[<matplotlib.lines.Line2D at 0x2bdf9e1d160>]
In [20]:
# Boolean indices can be combined:
x = arange(10)
topRange = x>2
bottomRange = x<8
x[topRange & bottomRange]
array([3, 4, 5, 6, 7])

Fitting a line to the data

In [21]:
# Determine the best-fit line
# To do so, you have to generate a so-called Design Matrix, with "time" in the first
# column, and a column of "1" in the second column:
xMat = vstack((tHigh, ones(len(tHigh)))).T
slope, intercept = linalg.lstsq(xMat, xHigh)[0]
In [22]:
# Show and plot the fit, and save it to a PNG-file with a medium resolution.
# The "modern" way of Python-formatting is used
plot(tHigh, xHigh)
plot(tHigh, intercept + slope*tHigh, 'r')
savefig('linefit.png', dpi=200)
print('Fit line: intercept = {0:5.3f}, and slope = {1:5.3f}'.format(intercept, slope))
Fit line: intercept = 100.251, and slope = 0.488


In [23]:
# If you want to know confidence intervals, best switch to *pandas*
# Pandas is mainly used for statistics and worksheet-like data
import pandas

# The calculation of OLS has been moved to *statsmodels* now
import statsmodels.formula.api as smf

# Note that this is an advanced topic, and requires new data structures
# such ad "DataFrames" and "ordinary-least-squares" or "ols-models".
myDict = {'x':tHigh, 'y':xHigh}
df = pandas.DataFrame(myDict)
model = smf.ols('y~x', df).fit()
                            OLS Regression Results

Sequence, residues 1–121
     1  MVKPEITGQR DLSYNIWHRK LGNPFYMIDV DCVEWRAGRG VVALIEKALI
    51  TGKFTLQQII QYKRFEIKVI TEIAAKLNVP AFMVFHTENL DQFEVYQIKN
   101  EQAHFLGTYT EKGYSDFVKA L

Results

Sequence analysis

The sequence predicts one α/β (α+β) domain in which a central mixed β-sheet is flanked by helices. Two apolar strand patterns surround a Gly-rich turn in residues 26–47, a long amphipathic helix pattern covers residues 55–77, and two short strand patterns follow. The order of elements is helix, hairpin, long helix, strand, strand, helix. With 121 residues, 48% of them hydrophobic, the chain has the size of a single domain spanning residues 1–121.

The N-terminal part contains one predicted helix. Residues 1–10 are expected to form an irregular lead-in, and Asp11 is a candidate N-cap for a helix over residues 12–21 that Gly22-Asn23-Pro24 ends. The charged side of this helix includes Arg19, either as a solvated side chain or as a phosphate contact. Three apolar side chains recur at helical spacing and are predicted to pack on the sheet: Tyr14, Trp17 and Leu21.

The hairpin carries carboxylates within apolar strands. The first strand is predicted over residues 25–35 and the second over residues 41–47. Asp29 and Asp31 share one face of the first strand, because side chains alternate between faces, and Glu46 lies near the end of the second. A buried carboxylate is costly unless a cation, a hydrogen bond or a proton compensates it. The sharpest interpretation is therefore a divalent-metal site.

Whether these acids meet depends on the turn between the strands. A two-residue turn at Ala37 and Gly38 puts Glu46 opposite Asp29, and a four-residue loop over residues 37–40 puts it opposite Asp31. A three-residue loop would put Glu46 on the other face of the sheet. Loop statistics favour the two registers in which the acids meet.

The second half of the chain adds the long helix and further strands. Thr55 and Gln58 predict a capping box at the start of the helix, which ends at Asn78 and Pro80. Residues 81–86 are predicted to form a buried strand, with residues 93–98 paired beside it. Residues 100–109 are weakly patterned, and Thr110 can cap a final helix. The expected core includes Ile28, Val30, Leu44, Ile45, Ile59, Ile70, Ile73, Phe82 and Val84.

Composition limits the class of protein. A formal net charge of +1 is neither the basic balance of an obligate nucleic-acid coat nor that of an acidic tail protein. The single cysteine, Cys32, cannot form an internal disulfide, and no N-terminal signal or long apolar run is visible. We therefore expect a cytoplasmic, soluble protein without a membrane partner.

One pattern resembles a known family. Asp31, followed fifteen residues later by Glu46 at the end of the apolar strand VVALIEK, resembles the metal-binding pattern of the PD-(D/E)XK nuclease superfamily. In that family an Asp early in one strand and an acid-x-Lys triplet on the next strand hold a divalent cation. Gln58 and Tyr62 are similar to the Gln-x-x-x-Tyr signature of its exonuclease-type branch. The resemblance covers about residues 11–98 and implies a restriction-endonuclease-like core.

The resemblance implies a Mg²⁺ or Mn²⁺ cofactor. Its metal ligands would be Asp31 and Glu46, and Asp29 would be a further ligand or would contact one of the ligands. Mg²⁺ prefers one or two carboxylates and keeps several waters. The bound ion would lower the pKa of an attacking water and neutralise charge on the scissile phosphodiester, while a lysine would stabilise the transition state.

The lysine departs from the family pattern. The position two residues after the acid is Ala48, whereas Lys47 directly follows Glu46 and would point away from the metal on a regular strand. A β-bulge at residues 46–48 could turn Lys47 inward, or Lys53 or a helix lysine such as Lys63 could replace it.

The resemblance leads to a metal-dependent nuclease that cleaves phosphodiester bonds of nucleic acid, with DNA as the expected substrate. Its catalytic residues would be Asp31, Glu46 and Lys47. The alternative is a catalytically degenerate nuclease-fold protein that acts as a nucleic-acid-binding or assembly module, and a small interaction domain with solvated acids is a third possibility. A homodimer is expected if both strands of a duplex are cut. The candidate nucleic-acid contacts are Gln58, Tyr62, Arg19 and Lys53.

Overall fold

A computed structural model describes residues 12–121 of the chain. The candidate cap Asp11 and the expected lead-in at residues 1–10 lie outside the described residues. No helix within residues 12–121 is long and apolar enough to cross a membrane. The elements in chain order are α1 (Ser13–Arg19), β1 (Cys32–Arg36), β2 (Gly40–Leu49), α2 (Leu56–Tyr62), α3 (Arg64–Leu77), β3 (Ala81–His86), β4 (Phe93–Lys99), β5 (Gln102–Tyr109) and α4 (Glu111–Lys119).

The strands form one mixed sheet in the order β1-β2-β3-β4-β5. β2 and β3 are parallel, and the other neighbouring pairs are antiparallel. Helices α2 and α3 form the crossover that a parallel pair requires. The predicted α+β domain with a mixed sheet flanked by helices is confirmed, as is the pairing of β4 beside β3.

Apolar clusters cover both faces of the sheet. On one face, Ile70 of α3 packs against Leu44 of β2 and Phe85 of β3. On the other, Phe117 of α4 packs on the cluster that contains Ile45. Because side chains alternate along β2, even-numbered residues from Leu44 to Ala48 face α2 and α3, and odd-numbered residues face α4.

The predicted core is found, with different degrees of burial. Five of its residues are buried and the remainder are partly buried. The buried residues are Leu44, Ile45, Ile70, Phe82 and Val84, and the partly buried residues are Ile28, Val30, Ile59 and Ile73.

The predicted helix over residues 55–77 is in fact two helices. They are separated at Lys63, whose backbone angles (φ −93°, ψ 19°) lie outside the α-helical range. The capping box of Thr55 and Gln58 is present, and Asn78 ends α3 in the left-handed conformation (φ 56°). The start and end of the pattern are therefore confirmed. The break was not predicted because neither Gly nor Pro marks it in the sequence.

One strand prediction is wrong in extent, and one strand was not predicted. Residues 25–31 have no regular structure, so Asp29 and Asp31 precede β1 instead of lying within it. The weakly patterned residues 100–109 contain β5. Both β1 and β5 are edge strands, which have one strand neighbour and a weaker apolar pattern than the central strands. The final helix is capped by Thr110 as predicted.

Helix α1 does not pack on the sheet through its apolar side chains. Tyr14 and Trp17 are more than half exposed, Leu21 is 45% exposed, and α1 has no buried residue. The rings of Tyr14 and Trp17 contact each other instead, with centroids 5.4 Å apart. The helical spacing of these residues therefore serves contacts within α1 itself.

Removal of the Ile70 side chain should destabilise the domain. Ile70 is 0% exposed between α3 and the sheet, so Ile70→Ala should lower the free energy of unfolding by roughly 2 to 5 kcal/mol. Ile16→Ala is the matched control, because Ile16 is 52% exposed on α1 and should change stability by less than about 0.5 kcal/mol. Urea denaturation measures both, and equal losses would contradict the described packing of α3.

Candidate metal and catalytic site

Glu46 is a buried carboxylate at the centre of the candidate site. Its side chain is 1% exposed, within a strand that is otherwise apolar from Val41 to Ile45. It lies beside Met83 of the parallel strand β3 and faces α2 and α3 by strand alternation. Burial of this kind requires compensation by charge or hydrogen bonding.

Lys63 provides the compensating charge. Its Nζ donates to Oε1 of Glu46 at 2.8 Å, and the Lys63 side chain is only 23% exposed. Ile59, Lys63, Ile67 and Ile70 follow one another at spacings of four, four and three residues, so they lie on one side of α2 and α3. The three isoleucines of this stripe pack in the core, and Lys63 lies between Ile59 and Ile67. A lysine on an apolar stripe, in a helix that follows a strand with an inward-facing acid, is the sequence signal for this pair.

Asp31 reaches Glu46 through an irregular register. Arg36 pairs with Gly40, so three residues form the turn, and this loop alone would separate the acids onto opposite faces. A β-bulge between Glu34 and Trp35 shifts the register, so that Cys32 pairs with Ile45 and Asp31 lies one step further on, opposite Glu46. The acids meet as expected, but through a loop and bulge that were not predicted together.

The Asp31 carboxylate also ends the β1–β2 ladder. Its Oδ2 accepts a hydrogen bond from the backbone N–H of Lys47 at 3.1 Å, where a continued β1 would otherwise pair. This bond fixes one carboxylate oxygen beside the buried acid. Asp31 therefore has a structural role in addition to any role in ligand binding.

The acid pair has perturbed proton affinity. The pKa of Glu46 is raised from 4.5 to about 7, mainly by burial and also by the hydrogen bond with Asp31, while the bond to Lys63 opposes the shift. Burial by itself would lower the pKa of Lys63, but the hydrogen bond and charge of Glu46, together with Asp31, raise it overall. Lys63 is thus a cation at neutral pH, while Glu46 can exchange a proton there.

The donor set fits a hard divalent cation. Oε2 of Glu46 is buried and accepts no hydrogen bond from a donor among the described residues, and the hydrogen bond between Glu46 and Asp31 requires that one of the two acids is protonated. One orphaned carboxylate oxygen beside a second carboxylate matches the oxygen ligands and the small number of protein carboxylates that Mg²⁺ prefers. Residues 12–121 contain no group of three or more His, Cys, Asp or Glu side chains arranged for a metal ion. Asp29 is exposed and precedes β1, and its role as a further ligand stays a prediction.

Dep. Variable:                      y   R-squared:                       0.885
Model:                            OLS   Adj. R-squared:                  0.884
Method:                 Least Squares   F-statistic:                     671.9
Date:                Sat, 04 Feb 2017   Prob (F-statistic):           1.09e-42
Time:                        14:27:52   Log-Likelihood:                -260.40
No. Observations:                  89   AIC:                             524.8
Df Residuals:                      87   BIC:                             529.8
Df Model:                           1                                         
Covariance Type:            nonrobust                                         
                 coef    std err          t      P>|t|      [0.025      0.975]
Intercept    100.2512      1.143     87.697      0.000      97.979     102.523
x              0.4881      0.019     25.921      0.000       0.451       0.526
Omnibus:                        0.760   Durbin-Watson:                   1.719
Prob(Omnibus):                  0.684   Jarque-Bera (JB):                0.850
Skew:                          -0.204   Prob(JB):                        0.654
Kurtosis:                       2.750   Cond. No.                         143.

[1] Standard Errors assume that the covariance matrix of the errors is correctly specified.

More Python Info on the Web Python Scientifc Lecture Notes. If you read nothing else, read this! Start here if you have lots of Matlab experience. The Python tutorial. The original introduction. Lectures on scienti c computing with Python. Great ipython notebooks!